The Staff Surgeon ; or, Life in England and Canada.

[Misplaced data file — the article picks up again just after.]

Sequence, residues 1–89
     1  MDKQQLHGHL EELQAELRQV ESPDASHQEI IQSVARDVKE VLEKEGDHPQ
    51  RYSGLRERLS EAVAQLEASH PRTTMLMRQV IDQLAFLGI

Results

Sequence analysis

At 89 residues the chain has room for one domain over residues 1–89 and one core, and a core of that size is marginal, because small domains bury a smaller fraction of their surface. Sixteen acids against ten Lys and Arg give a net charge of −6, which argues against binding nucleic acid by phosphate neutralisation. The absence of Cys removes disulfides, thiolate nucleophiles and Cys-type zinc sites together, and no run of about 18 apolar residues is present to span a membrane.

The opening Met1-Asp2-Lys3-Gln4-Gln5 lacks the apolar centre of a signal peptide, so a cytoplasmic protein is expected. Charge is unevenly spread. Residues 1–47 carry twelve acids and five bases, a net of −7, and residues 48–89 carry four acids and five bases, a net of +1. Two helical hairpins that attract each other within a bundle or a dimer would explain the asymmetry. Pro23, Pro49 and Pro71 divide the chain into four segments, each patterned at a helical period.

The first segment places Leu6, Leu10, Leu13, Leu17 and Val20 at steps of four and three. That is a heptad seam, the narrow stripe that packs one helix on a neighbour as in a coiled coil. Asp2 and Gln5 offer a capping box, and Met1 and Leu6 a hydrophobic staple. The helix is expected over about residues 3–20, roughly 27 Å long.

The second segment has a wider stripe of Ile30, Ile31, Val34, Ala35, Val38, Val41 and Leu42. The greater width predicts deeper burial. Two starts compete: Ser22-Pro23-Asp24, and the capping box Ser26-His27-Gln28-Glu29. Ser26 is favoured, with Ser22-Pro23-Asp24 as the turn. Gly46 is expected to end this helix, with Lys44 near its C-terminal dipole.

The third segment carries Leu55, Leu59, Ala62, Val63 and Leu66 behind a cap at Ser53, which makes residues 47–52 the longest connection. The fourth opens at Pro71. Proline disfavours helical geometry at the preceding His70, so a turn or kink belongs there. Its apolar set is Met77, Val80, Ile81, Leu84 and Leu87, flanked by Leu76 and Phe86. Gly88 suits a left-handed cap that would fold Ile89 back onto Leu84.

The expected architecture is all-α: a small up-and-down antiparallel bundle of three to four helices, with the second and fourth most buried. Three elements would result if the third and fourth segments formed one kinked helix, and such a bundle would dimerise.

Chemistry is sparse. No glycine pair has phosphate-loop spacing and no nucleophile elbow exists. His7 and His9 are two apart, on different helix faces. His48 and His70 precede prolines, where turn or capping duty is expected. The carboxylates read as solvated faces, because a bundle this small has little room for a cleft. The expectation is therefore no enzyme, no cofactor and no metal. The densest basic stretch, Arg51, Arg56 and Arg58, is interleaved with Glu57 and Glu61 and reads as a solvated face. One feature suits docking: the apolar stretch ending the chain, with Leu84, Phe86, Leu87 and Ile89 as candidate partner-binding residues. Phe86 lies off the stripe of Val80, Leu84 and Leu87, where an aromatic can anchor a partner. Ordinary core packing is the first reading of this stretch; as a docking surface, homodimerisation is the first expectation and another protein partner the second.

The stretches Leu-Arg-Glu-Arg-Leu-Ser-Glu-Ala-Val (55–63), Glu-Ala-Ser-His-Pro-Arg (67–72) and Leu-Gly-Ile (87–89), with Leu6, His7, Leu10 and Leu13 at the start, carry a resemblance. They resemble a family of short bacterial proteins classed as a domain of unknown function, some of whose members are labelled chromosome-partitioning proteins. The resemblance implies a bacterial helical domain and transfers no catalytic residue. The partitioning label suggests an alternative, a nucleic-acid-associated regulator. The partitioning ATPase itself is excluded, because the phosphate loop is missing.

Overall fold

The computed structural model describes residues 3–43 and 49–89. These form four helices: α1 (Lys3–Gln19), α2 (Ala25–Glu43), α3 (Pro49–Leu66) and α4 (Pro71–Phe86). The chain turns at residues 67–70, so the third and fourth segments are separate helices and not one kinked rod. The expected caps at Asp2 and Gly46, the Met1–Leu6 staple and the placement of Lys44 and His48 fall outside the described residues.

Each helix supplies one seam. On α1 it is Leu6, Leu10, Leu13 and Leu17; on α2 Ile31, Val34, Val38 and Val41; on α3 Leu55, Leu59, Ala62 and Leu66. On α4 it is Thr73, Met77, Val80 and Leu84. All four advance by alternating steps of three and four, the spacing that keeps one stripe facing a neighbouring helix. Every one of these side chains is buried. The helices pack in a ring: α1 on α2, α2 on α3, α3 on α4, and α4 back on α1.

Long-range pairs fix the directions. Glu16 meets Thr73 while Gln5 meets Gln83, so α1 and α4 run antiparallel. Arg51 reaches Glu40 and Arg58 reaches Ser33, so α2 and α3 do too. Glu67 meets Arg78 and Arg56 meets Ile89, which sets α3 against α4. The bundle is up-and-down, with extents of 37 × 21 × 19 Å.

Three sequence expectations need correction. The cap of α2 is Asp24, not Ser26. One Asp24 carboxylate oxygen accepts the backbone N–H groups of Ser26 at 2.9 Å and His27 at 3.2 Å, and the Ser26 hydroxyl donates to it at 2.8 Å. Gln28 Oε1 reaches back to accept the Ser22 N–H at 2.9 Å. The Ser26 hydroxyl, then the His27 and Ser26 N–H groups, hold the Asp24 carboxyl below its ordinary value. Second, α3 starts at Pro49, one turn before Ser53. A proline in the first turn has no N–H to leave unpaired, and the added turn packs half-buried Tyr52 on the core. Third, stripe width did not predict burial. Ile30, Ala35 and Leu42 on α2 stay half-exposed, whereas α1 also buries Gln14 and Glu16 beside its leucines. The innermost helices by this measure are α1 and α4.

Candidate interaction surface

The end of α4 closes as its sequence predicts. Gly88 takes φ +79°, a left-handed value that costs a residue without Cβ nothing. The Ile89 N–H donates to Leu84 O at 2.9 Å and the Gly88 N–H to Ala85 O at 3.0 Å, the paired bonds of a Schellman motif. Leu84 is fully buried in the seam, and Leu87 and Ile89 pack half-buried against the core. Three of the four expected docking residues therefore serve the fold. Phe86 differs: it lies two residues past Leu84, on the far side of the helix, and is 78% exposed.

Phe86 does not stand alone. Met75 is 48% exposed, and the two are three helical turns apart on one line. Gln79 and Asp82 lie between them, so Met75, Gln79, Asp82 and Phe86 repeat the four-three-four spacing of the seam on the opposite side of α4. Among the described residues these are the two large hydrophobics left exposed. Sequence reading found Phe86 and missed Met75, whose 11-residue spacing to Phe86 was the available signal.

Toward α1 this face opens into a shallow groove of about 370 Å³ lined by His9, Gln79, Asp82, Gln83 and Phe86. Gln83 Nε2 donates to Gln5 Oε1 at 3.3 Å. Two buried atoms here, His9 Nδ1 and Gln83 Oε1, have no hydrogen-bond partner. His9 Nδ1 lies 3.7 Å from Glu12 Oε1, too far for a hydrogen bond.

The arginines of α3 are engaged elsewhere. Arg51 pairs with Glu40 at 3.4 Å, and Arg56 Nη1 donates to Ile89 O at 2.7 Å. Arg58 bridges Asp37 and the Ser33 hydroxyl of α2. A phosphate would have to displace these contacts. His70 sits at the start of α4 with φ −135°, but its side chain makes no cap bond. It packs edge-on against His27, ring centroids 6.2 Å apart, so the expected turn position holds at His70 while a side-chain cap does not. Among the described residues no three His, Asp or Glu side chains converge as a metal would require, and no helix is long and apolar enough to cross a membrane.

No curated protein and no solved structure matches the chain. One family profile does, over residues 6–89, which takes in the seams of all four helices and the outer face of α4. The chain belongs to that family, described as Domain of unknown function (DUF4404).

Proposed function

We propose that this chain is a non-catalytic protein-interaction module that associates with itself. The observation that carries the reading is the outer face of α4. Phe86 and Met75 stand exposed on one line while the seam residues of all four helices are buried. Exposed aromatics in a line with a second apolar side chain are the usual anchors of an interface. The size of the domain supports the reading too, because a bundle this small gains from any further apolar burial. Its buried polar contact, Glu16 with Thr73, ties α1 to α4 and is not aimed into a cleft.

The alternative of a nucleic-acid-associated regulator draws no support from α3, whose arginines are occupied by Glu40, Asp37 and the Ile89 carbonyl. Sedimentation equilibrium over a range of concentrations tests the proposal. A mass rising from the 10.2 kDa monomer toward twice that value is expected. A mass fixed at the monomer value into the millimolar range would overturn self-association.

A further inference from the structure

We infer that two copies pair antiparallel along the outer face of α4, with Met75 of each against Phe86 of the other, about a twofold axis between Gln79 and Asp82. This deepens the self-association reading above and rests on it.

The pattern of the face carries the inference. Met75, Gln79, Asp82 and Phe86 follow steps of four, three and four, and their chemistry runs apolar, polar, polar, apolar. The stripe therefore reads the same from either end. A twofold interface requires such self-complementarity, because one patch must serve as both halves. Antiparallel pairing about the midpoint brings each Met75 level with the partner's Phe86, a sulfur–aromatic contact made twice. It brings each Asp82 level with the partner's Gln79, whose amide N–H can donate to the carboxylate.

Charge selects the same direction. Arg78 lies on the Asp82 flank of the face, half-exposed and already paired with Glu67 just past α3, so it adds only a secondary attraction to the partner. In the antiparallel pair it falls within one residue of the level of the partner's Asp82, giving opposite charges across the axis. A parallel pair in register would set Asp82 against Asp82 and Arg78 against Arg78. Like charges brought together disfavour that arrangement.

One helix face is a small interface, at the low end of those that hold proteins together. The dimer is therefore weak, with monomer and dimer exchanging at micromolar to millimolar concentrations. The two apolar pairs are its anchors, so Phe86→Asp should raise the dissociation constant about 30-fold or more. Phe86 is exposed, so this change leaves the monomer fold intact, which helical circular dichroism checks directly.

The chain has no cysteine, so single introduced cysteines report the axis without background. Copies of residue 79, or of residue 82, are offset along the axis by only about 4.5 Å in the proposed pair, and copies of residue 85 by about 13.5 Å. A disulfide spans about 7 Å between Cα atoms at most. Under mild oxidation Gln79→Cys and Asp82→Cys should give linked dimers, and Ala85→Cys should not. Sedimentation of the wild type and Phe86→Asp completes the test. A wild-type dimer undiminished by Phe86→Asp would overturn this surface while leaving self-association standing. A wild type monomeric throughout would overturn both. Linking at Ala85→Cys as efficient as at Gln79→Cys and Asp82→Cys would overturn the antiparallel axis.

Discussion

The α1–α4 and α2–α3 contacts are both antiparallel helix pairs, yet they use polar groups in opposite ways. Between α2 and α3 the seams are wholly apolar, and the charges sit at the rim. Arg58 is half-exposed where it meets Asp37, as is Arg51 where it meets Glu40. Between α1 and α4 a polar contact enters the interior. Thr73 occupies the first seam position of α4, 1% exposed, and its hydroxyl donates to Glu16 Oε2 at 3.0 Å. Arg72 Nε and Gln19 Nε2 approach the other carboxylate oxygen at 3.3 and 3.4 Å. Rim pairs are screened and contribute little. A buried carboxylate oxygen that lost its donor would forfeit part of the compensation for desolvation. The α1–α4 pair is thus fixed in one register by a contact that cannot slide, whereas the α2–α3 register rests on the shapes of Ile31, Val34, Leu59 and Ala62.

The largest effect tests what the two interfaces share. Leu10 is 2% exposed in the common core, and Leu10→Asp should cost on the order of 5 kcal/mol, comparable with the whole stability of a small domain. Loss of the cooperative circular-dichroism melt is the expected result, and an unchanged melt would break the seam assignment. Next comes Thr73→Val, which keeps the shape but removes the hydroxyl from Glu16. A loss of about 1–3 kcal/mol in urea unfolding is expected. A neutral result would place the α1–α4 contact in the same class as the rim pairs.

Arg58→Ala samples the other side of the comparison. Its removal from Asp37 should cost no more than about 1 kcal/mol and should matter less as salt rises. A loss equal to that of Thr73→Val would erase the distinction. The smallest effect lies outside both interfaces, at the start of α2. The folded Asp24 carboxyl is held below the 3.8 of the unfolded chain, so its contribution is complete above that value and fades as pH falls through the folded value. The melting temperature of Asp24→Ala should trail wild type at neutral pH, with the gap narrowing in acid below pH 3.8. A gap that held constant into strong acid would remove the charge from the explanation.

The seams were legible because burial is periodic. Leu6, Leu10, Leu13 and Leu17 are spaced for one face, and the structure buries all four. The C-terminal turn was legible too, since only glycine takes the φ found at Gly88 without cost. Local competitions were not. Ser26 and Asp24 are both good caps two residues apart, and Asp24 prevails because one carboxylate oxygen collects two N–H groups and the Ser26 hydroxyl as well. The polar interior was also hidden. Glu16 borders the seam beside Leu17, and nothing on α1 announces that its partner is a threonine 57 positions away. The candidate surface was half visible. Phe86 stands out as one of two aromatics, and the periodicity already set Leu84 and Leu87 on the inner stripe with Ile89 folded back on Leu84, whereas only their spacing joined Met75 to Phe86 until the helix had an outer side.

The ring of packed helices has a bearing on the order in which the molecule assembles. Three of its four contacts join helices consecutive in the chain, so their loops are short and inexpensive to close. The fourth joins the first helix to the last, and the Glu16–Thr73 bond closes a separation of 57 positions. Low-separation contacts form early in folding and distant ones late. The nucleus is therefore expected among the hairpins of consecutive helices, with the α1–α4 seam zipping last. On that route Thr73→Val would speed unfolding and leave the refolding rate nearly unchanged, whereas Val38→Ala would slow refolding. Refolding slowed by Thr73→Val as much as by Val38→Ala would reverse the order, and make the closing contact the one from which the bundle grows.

1 vol. By "E. S. T."—This is a lady's first attempt, we are inclined to think. In spite of the Canadian addition to the title, the story is all about the "squire and parsons of the parish," including the curate. The staff surgeon is the rector's brother, and drops rather suddenly amongst the dramatis personas. As the "calm expanse of his white forehead is shaded by black and silky curls, and his eyebrows are exquisitely pencilled and slightly arched," in addition to his relationship, he has no difficulty in carrying off the squire's daughter, to the discomfiture of an unlucky private tutor, who certainly is badly used by the lady. The wooing is slightly impeded by a wicked widow, who is secretly married again, and has, thereby, forfeited an estate which devolves on our hero. But the authoress has not the heart to tease the lovers, and their happiness flows on pretty placidly through picnics, and rides, and church-goings, and other country ways of pleasantness. Perhaps the atmosphere is a little too mild, and the jokes suffer in consequence. "What do you think of the wine ?" Sir Howard inquires. "Why, I think it is what we should call extra fine ditto," replies the wag of a staff surgeon. "I never saw Sir Howard laugh more heartily," says the narrator. Everybody is made happy at the end, though there is a needless excursion to Canada in the penulti- mate chapter, for the sake of a " skating-rink " scene. The secret mar- riage is discovered, but the disreputable second husband, who rather flutters the dovecote, is got rid off„ and the widow is consoled with the discarded tutor, who is not a bad fellow. The curate's love-making, too, which supplies a pleasant under-current of interest, is brought to a happy termination. Altogether young ladies at the sea-side will be quite in the company they like best and where no harm can happen to them, and they might do mach worse than procure this story.